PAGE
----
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The State of Black Health During and After COVID-19

Recent reports are disturbing concerning the coronavirus in the U.S. Even though the virus does not discriminate on race, religion, or culture, some of the most recent statistics are disturbing. Such reporting requires a more fundamental discussion as to why are the infection and mortality rates disproportionately affected people of color. On a personal level, I know directly of eight individuals whom I have commonly associated within the past year who have been positively diagnosed; each of them is African-American.

A couple of weeks ago, I mentioned on social media that this is a virus that should not be underestimated among the African-American community. We have a history of underlying health conditions known and unknown. In my upcoming book, The Mahogany Legacy Project, I discuss at length healthcare disparities in African Americans when it comes to diabetes, heart disease, sleep apnea, and end-stage renal failure. For example, African Americans needing dialysis due to end-stage renal failure mirrors COVID-19 infection and mortality rates (30%). Such similarities bring cause for alarm for a race that makes up only 13% of the population. One of the common trends identified in the research reveals the substantial distrust of the medical community, riskier behaviors, and significant substance abuse issues that continue to deteriorate our health. Therefore, exposure to the virus has likely increased the probability of fatality.

There are several reasons why the infection is disproportionately higher that I anticipate will come out in additional research and studies. Mistrust of the medical community is a chief concern as, despite the warnings on a global scale, the pandemic was minimized slowly among African Americans at a level similar to those in right-leaning circles. Second, the lack of adequate access to healthcare before the pandemic has more of us exposed to serious health issues if infected. Third, income level and individual levels of employment create significant exposure as well. More data is revealing that higher levels of income have correlated to lower infection rates. This is not saying that those individuals will not get affected; however, the rates continue to show that correlation stubbornly. Finally, urban areas are at the highest exposure rate due to heavy reliance on public transportation and other public resources available. There is a direct link to occupational illness and disease exposure and ethnic backgrounds based on job selections and labor placement. These areas of concern will still exist when the pandemic ends, but this does not negate the call for change, conversation, and action among us.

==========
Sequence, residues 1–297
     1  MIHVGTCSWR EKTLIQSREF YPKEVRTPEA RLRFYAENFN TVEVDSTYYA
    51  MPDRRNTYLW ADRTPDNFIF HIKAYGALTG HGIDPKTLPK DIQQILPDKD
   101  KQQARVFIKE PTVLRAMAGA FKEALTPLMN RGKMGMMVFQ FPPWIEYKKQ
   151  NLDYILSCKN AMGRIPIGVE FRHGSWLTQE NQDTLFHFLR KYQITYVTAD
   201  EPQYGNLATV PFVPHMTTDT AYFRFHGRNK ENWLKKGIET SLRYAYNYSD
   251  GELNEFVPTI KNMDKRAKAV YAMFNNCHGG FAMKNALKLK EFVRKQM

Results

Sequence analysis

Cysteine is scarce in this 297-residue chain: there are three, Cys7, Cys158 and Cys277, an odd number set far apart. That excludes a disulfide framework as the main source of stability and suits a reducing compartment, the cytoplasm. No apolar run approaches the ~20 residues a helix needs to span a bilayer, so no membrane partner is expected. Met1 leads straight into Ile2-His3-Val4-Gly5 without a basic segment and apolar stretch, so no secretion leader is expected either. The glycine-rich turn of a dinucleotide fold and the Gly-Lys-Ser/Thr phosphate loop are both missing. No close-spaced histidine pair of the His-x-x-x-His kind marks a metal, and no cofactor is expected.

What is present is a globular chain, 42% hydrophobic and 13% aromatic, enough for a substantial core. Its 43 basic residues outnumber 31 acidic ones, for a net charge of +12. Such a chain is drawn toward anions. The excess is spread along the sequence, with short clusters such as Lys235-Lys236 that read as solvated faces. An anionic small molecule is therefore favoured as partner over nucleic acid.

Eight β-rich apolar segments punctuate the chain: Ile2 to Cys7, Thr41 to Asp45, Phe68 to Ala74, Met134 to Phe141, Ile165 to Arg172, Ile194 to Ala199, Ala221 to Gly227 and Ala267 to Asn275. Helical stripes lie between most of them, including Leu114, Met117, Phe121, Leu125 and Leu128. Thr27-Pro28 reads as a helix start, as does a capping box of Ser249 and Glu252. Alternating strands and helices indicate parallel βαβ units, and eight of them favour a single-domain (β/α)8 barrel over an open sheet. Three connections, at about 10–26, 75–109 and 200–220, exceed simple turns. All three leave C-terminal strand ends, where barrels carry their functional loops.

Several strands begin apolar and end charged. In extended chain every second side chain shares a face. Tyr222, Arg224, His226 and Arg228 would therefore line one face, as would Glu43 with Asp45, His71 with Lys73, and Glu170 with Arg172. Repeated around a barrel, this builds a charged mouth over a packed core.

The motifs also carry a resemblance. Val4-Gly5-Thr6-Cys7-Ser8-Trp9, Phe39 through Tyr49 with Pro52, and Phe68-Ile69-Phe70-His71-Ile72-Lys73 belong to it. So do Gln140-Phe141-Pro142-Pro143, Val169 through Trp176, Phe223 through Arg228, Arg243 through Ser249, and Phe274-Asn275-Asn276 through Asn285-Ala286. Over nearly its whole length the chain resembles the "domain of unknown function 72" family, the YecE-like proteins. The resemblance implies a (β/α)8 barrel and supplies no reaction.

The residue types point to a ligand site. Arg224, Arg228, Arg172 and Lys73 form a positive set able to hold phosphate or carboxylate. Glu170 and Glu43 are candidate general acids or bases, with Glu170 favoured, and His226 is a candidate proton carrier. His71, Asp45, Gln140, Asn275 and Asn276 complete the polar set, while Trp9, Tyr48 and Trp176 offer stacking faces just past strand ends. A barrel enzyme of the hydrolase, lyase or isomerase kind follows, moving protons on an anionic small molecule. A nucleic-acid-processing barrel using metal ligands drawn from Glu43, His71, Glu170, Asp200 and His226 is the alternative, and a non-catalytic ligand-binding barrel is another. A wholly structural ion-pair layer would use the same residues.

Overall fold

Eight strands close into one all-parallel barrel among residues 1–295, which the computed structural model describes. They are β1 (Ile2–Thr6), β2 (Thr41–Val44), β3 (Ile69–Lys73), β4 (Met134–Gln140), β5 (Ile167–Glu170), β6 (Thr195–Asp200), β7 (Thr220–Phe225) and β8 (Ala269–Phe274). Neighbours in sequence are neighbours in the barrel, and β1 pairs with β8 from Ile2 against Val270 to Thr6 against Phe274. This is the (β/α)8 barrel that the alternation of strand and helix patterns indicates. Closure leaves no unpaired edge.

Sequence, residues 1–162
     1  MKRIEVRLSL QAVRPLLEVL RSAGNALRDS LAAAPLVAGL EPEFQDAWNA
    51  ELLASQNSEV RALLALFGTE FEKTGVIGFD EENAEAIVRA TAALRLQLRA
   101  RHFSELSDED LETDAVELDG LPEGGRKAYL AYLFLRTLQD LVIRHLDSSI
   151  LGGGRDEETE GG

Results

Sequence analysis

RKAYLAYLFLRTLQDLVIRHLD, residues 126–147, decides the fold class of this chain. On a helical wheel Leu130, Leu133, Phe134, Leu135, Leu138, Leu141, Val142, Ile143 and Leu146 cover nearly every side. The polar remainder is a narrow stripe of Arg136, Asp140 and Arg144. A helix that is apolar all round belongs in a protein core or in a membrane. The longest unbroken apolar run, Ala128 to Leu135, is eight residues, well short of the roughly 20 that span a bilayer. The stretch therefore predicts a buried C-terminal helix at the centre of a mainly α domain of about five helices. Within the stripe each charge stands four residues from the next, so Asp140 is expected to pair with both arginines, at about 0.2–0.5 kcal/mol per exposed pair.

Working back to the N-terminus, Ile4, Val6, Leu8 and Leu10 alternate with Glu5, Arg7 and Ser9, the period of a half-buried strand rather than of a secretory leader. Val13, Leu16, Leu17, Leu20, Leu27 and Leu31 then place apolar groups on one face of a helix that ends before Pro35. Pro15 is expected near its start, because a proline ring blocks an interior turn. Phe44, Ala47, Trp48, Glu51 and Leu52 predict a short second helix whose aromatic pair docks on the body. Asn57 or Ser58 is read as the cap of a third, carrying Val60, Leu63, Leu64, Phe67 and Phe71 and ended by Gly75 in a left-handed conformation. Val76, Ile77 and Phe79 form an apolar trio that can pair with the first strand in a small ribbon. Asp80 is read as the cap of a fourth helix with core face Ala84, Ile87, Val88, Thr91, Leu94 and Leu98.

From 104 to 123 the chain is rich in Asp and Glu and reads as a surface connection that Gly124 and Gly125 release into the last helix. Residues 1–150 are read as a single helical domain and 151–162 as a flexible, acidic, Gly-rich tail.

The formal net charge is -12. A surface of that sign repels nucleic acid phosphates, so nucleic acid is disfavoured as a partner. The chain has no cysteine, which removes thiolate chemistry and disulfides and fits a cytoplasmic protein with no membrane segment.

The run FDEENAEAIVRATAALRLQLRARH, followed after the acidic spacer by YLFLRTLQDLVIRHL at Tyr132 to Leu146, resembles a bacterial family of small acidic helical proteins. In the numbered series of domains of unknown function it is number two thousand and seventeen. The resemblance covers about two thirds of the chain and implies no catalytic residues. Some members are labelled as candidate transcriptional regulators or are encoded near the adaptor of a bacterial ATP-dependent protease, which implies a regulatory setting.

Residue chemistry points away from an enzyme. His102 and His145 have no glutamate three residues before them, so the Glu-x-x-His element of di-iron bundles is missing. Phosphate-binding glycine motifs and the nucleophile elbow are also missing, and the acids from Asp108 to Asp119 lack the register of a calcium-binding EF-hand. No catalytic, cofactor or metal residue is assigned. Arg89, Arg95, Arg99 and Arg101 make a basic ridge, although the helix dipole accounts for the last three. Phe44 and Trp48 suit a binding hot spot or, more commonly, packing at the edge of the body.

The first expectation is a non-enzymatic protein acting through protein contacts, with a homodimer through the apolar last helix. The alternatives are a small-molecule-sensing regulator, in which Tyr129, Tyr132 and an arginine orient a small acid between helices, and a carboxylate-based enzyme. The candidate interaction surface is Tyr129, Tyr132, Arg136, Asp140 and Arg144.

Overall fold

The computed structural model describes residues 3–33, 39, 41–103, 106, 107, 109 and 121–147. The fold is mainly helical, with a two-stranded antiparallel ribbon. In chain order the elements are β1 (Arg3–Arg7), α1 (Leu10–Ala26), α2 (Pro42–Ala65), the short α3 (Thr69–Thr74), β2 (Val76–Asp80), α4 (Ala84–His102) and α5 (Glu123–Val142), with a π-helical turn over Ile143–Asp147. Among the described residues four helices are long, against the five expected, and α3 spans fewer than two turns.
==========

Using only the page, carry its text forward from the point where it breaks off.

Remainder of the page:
There are indeed other events, exposures, and occurrences that could eventually have a higher mortality or diagnosis rate than COVID-19 when the pandemic ceases, but what is unique about this event that should not be lost on us, is healthcare awareness. The fear of death by the unknown should encourage us to improve our healthcare outcomes overall. Even if you are under mandatory stay at home orders, this is an excellent opportunity to switch your diet, improve your cardio activity, and make visiting your physician a priority well before your ailments continue to deteriorate to chronic ailments.

Our investments in health financially and physically are significant for building generational wealth and building a legacy for generations to come. There will be more pandemics in the future, more significant illnesses and disease to come; however, this is a defining moment for this generation and beyond. Understanding our physical and mental health provides the primary foundation to build our dreams, visions, and designs for a better future for our children and children’s children. Our future depends on our ability to keep conversations relevant about obesity, substance abuse, mental health, heart disease, and diabetes so we can collectively improve the outcomes that tend to skew negatively.


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